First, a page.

Ladylike exhibition at The Lady Lever Art Gallery

A new exhibition in Port Sunlight, Wirral looks at a dazzling array of women's accessories that added sparkle to fashion from when Queen Victoria was a girl up to the outbreak of the Second World War WORDS BY HANNAH POLLARD

In the days following the recent royal wedding, ‘the dress’ was big news. The talk in the Cheshire Life office, however, was not only about the high-waisted skirt and lace sleeves of the bride‘s creation from the house of Alexander McQueen (designed by Cheshire-born Sarah Burton) but the hats, shoes and handbags adorning those gathered to celebrate.

There’s no arguing that accessories can make or break an outfit and royalty is no exception. Now a new exhibition at The Lady Lever Art Gallery, Port Sunlight, Wirral, brings them into the spotlight in The Finishing Touch: Women’s Accessories, 1830-1940. The dazzling array of women’s fashions ranges from items dating back to Queen Victoria’s childhood up to the outbreak of Second World War.

Visitors can admire a pair of corded black silk shoes with patent leather tips belonging to none other than Queen Victoria herself, as well as green satin and rabbit fur slippers worn by her daughter-in-law, Alexandra Princess of Wales, dating from around 1890 and embroidered with flowers and leaves.

Staff at National Museums Liverpool (which runs the gallery) have scoured their fashion collections for many items never displayed before, coming up with 60 bags, shoes, hats and other accessories including fans, jewellery and gloves. Popular items include a beautifully painted mother of pearl fan, a pair of jewel-heeled shoes dating from the 1920s flapper era and platforms from the 1930s. A veiled 1840s wedding bonnet, dress caps and a widow’s bonnet illustrate Victorian trends while sophisticated cloche and straw hats reflect the more relaxed styles of later years.

Alyson Pollard, curator of the Decorative Art department, says: ‘The Finishing Touch looks at changing social customs and how these influenced accessories that women wore. The changing role of women – from largely passive to more active – is shown through the items on display.’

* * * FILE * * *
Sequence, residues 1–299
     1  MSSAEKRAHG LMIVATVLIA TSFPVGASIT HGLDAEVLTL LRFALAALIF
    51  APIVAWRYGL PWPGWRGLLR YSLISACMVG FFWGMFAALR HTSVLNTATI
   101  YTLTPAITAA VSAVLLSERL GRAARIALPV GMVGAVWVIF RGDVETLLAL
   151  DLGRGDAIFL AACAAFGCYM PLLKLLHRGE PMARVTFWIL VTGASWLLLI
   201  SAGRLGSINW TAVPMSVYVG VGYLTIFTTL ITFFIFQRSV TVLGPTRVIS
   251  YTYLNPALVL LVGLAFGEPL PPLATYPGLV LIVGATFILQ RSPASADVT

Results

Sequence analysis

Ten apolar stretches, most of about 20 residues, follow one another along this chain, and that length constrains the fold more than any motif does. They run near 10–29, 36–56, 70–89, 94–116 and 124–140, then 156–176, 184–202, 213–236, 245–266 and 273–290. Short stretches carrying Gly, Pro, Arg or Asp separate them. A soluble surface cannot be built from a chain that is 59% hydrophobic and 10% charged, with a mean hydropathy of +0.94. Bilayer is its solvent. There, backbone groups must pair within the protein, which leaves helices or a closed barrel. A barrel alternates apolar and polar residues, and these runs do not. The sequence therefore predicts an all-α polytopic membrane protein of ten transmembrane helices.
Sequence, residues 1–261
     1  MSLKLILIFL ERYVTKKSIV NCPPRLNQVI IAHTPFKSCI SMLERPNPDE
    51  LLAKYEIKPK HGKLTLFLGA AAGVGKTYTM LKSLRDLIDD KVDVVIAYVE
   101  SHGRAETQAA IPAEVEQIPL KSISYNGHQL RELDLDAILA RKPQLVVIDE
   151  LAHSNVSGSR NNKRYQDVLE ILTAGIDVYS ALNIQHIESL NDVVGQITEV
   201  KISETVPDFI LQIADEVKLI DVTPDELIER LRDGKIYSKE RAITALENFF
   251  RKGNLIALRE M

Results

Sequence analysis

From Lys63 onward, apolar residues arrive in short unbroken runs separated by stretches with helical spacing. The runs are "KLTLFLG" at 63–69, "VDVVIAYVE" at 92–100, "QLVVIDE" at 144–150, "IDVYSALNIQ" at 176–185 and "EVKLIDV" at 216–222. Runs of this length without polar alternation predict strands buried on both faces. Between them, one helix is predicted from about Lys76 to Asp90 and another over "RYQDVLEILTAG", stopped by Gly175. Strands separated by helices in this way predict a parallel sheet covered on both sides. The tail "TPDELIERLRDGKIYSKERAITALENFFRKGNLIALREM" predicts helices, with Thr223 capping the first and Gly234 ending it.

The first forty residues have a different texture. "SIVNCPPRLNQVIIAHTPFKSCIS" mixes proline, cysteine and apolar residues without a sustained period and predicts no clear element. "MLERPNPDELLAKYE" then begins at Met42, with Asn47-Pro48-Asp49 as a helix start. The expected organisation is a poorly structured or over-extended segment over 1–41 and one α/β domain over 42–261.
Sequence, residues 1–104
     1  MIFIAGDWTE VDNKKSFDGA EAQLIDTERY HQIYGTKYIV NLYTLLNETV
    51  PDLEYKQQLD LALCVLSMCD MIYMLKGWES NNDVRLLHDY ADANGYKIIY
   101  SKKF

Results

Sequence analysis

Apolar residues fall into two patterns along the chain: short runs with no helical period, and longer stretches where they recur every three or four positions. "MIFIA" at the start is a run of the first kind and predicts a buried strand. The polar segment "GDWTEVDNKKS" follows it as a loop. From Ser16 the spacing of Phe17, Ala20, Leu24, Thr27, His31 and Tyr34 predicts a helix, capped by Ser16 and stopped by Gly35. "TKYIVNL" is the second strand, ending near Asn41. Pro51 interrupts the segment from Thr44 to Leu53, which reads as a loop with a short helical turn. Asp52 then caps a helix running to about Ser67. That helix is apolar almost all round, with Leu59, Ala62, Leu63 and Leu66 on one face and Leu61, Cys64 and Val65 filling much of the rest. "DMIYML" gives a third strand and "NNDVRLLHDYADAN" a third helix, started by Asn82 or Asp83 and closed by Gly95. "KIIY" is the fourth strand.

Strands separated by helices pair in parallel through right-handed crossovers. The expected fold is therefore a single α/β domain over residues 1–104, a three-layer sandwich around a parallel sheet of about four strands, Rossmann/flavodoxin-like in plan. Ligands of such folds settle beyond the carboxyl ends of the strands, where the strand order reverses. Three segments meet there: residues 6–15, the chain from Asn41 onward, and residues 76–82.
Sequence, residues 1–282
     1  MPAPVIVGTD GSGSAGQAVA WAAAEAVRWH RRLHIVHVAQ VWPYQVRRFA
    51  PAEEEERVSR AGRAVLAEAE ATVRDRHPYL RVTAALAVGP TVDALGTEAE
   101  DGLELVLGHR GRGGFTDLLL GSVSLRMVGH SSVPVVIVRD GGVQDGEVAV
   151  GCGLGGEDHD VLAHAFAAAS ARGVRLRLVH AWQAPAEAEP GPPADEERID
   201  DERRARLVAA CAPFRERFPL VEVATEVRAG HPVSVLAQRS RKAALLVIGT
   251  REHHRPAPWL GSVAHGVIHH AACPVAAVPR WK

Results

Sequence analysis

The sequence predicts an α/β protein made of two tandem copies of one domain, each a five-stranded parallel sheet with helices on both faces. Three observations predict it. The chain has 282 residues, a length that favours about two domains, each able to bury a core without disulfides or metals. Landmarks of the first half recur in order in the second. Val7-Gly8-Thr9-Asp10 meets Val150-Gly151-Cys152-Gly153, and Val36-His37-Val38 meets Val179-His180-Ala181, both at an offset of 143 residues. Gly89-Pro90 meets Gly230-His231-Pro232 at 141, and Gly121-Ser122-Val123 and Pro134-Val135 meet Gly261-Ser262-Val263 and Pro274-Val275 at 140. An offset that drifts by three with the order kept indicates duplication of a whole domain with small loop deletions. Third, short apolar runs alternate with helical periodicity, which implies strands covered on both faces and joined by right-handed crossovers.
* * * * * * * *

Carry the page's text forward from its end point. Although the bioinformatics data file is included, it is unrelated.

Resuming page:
These changing roles are well illustrated by the exhibits, particularly the footwear. Early examples are delicate in construction suggesting indoor use, and are unusually small by modern standards.

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Alyson says: ‘It was very desirable to have very small, dainty little hands and feet. This was a sign of being a lady. So ladies would cram their feet into these very tight, narrow shoes’. This practice was responsible for many women suffering from foot deformities, made worse by the fact that shoes only began to be shaped for left and right feet in the mid-19th century.

These shoes are in sharp contrast to a pair of two-inch heeled leather boots with suede imitation spats dating from 1917-20. While magazines such as Punch lampooned fashions that made women appear masculine, such accessories served to highlight the more independent status they were able to take on after the First World War.

Free to enter, the exhibition is now open and will run until December 11th, giving plenty of opportunity to view the collections - and will be accompanied by a series of events suitable for all ages. Adults can watch specialist demonstrations on felt making, enamelling, millinery and corsages, while children can get in on the act with ‘That’s Hats’ hat-making workshops, ‘FANtastic’ and ‘Badge it Up’.   

The museum is open daily. Details can be found at

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